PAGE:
“In a time of drastic change, it is the learners who inherit the future.”
Reflection on the Human Condition, Eric Hoffer
Eric Hoffer’s words ring true like never before as our region gets engulfed in a wave of drastic political upheaval, economic downturn, vociferous demands for social change, and unprecedented technological advancement. These changes have left Lebanon and the Arab World torn between the nostalgia of our (distant) past accomplishments, and the allure of modernity and globalization.
At the beginning of a new academic year, your ability as students to keep a clear head, and wade through the chaos becomes exponentially more difficult; yet, it is equally critical to do so, for the survival and well-being of our nation depends on it. The path ahead, therefore, can take one of two forms. The first is the result of giving in to the crises we are in, and wallowing in the tragedy that we have inherited. The end result of that choice is an image of the present state we are in, and possibly worse. The second option is to dig in, commit to change the world and our circumstances, and buckle up for the ride of our lives in a journey of challenges, discovery, and small – but invaluable- steps toward a better future.
At the Modern University for Business and Science (MUBS), we have been vigilant in our pursuit of these latter higher values, working with our students, faculty, staff, and world-renowned scholars from Europe and the United States to establish a university that offers the latest in pedagogical approaches, hands-on learning experiences, modern laboratories, and access to the highest quality research. Fifteen years into our journey, we are reaping the rewards of our commitment, establishing a Research Office that is at the center of projects exploring a wide range of topics, from the role of parenting in academic achievement and social behavior (a collaboration with San Jose State University and UC Berkeley, in California), to understanding the psychology of success (in collaboration with Stanford University), the molecular mechanisms involved in motor neuron disease (with St Jude Children’s Hospital in Tennessee), and exploring the micropollutants in Lebanese water sources (in a joint project with Université d’Orléans in France), among many other projects supported by internal university funds and external grants from the European Union and the National Institutes of Health in the United States.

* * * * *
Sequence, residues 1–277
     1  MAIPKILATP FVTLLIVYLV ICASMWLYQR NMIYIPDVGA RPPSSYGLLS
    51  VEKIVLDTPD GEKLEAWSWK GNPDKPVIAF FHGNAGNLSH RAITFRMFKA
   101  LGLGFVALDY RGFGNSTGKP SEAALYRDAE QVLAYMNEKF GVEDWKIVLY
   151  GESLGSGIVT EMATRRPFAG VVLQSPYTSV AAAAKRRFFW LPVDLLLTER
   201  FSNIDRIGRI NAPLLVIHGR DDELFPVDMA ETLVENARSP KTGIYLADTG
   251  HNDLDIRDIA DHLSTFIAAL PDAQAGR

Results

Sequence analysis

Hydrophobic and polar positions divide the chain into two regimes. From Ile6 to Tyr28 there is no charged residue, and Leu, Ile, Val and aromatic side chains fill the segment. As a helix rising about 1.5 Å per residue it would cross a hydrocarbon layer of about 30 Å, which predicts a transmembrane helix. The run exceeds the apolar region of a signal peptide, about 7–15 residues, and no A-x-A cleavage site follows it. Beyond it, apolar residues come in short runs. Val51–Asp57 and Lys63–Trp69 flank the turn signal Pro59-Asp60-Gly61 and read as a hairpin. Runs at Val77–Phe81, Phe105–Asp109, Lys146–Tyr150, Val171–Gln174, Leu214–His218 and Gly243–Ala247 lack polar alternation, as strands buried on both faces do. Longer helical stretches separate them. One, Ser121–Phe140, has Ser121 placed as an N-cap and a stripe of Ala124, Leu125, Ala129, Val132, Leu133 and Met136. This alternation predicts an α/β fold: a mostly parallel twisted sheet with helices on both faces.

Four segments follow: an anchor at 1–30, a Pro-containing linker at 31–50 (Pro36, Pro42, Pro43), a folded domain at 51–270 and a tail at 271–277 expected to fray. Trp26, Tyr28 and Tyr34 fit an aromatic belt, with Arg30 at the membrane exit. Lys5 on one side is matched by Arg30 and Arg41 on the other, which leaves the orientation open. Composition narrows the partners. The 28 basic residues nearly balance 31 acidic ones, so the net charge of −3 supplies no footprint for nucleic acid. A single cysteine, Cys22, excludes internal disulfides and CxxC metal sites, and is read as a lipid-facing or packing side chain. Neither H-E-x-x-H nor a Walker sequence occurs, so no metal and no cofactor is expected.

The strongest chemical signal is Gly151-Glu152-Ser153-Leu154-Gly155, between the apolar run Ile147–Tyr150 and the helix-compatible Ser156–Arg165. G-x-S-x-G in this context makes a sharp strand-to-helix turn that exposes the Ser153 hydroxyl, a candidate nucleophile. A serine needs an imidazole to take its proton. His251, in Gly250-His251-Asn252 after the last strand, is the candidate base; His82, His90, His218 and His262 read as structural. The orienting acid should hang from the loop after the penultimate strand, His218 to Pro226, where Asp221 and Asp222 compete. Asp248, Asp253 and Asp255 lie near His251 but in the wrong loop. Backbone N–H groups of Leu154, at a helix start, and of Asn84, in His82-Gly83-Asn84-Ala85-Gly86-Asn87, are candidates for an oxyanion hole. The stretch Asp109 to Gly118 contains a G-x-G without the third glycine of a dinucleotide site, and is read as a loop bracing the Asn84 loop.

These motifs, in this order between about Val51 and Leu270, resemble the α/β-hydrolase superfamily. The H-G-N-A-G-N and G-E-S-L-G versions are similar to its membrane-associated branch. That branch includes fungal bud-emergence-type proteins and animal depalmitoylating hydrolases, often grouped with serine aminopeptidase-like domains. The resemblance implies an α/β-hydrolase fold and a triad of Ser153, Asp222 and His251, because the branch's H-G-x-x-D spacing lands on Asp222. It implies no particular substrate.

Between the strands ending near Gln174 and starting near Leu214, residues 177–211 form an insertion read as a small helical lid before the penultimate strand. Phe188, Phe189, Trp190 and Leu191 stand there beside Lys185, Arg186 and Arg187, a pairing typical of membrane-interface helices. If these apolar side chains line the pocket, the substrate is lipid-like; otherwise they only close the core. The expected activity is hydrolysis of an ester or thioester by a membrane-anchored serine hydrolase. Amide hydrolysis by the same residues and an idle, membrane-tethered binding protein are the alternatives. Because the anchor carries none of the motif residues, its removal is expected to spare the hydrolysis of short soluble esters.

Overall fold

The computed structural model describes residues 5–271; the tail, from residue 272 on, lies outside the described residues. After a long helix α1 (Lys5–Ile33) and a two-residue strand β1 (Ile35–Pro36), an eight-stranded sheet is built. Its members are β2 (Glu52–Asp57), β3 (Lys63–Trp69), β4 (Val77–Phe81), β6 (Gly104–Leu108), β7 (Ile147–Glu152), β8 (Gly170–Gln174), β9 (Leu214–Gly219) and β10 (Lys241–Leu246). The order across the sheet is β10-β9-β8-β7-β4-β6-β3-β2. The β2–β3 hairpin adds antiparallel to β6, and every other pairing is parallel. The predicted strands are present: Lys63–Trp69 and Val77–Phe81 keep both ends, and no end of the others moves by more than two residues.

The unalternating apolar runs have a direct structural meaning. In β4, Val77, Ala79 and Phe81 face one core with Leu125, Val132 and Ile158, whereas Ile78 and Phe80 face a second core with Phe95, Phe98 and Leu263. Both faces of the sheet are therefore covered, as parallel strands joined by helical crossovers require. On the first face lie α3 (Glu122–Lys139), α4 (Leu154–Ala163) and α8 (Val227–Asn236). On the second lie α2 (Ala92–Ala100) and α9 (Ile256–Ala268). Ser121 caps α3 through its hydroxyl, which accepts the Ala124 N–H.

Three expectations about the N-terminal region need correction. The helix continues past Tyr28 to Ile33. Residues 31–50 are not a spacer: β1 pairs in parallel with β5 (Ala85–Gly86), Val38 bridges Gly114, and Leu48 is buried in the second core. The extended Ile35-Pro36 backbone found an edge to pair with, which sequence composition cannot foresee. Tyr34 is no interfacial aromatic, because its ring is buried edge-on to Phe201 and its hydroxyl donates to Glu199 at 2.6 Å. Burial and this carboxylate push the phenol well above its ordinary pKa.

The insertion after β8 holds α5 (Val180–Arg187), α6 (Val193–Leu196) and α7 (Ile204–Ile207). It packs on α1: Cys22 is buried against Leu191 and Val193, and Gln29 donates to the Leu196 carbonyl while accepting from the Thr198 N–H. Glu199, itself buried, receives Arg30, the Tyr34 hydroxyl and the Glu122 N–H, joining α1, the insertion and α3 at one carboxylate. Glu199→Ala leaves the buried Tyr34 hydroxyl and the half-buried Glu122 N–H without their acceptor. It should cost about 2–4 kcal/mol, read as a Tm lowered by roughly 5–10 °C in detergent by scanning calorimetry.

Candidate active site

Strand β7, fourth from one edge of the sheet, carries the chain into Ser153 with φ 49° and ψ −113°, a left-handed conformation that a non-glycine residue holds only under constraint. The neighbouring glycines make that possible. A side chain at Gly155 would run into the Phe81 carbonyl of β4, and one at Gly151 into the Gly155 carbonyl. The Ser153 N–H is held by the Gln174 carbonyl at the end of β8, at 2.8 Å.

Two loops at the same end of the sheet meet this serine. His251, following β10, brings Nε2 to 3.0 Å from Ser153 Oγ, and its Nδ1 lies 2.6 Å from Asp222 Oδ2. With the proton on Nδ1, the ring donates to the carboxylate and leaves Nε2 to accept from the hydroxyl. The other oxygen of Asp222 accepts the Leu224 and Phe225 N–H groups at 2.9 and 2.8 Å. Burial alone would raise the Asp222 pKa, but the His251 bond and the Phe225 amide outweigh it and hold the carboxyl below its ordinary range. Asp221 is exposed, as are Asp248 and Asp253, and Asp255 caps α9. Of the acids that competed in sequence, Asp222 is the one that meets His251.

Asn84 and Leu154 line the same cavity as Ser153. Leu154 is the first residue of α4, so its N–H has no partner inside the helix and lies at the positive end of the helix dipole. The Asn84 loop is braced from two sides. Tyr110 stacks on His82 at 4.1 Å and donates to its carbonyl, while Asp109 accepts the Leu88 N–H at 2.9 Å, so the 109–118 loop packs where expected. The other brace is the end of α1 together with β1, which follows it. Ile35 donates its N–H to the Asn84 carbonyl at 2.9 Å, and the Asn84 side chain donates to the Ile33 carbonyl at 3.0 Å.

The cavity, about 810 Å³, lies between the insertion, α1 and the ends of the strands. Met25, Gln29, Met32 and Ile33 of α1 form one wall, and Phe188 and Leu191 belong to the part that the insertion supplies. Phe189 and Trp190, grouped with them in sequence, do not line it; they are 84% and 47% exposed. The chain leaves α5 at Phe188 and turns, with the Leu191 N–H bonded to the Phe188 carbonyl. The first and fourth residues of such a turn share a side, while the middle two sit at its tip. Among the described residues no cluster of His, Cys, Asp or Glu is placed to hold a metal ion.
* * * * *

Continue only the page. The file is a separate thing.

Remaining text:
Along the same line of thinking, MUBS has launched the first University Community Center (UCC) in the Arab world, as a unique effort that capitalizes on the ability of an academic institution to utilize its resources, scientific capability, and human capital in the service of the community. The UCC, located in Jal-el-Dib, epitomizes everything that we stand for. In its essence, the Center is a project that bridges the creative, abstract, and scientific world of academic theory, and the concrete realities and struggles of our society. In other words, it is a commitment to the prosperity of our community through scientific and cultural engagement that benefits our society and offers our students the freedom to expand their horizons and develop their skills in the real word. Most importantly, MUBS, the Research Office, and the UCC are a chance for our students to be the explorers, adventurers, and learners Eric Hoffer so ingeniously predicts will inherit the future.
And so, I urge you to shed the past and its archaic ways, and explore the future with open eyes, through the lens of scientific research, and a commitment to face the challenges head-on, because hardships are lessons and opportunities for growth in disguise.